Ball calls for Sunderland to adapt

Kevin Ball.
Kevin Ball.

KEVIN BALL says he would like Sunderland to be flexible in their tactical approach - if he is handed the reins on a permanent basis.

Caretaker boss Ball has used a different formation in each of his two games in charge after abandoning the rigid 4-4-2 of Paolo Di Canio.

Ball deployed Emanuele Giaccherini in the hole behind lone striker Jozy Altidore for the Capital One Cup third round clash with Peterborough, but then moved the Italian international out wide into a five-man midfield for last weekend’s defeat to Liverpool.

By contrast, the former Sunderland skipper has predominantly used a 4-3-3 system for the Black Cats Under-21s since being promoted to the role of senior development coach 12 months ago.

Ball admits he has had little chance to work on a playing philosophy after just 10 days in the job, but is keen to avoid a rigid formation if he is appointed permanent Sunderland head coach.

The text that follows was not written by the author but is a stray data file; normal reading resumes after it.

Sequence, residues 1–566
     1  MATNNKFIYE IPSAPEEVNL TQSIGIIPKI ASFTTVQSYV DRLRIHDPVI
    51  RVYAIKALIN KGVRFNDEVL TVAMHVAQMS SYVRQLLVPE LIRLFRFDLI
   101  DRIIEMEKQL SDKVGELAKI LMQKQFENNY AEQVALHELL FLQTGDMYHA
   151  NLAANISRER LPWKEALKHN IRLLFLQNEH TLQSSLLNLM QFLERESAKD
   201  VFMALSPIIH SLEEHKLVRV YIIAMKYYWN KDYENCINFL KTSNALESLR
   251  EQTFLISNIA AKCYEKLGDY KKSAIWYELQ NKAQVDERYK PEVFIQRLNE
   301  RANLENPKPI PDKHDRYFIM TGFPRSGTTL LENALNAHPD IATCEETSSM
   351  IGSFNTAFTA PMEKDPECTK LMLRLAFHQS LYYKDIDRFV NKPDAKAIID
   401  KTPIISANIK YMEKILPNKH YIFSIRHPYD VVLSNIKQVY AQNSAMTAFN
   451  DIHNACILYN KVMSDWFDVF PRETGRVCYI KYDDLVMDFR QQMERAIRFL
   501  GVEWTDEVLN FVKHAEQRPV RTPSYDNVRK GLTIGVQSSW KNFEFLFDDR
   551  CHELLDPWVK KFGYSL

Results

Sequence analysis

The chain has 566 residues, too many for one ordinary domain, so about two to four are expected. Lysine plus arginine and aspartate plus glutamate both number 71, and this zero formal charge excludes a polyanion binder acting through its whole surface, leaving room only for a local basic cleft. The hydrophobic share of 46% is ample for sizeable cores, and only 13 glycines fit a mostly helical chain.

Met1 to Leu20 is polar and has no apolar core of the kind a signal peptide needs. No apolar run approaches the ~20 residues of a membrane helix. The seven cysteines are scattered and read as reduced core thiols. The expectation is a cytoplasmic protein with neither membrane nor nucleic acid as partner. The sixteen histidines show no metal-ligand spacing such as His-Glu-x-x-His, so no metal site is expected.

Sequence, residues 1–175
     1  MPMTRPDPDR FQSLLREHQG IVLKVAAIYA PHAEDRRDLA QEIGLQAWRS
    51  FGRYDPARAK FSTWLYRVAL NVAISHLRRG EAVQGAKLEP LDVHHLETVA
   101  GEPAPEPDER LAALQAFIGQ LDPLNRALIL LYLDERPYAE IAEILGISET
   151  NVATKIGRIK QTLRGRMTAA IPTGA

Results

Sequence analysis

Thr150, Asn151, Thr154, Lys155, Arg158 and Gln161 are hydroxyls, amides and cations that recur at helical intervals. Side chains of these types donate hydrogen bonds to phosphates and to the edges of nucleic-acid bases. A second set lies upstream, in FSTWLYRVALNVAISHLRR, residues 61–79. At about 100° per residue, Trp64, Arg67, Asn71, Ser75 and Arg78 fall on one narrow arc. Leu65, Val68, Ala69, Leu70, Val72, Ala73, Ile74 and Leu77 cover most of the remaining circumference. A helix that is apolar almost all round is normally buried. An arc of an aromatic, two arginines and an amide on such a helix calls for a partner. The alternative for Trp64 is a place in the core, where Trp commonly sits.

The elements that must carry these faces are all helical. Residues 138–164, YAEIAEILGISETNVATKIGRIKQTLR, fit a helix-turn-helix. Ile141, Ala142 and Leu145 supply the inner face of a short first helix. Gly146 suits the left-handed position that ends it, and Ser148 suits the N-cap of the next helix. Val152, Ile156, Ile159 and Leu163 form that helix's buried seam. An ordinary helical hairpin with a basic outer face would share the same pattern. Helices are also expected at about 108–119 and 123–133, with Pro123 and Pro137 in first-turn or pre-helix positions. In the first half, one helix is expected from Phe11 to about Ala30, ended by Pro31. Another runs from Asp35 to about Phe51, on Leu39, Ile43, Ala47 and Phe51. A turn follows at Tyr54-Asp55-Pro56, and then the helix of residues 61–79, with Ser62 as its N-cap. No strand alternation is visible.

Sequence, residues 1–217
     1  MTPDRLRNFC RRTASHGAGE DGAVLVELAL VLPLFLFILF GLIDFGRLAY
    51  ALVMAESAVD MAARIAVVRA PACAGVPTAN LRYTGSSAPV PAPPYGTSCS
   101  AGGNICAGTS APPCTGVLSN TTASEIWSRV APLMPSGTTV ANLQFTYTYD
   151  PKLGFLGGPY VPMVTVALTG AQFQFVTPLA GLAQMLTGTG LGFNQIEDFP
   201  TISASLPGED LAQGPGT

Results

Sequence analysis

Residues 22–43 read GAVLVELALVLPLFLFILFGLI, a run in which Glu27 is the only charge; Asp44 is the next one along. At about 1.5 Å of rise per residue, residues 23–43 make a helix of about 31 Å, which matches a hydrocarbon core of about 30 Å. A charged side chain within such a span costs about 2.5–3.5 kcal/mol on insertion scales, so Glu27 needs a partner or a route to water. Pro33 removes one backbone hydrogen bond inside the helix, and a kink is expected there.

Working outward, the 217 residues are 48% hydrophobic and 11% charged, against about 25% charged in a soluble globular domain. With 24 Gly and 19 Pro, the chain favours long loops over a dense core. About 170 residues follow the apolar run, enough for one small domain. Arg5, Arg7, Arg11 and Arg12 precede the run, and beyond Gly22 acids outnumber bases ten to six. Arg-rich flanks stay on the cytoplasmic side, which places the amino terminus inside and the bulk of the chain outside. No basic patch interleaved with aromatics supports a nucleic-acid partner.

“As each game goes on and each team – and individuals – you come up against, the system might change,” he told the Echo.

“You’d have a philosophy over the way you want to do things in time and you might have a set system, but one that can react for certain opposition.

“In time, I’d love to be able to do that.

“But at the moment, I’ve only had a few days with them and it’s important they’re in a system they understand and are comfortable with and where they know how to play the game.”

Ball’s future remains uncertain with Sunderland continuing their search for a long-term successor to Di Canio.

But Ball will be in charge for Saturday’s visit of Manchester United and he admits he is enjoying the challenging role.

He added: “You do enjoy it. You sit down and you might have 10 minutes when you have a cup of coffee and go ‘what’s just happened?’.

“It is a busy week, but you do enjoy it.

“There will always be bits that you think are a pain in the backside, but that’s life.

“I enjoy my football anyway. I enjoy coaching and doing what I do with the 21s.

“It’s not an illogical step. It’s not like I’ve come from the wilderness and all of a sudden someone has brought me back in.

“I’m doing a job very similar to this anyhow so it’s not such a massive transition.”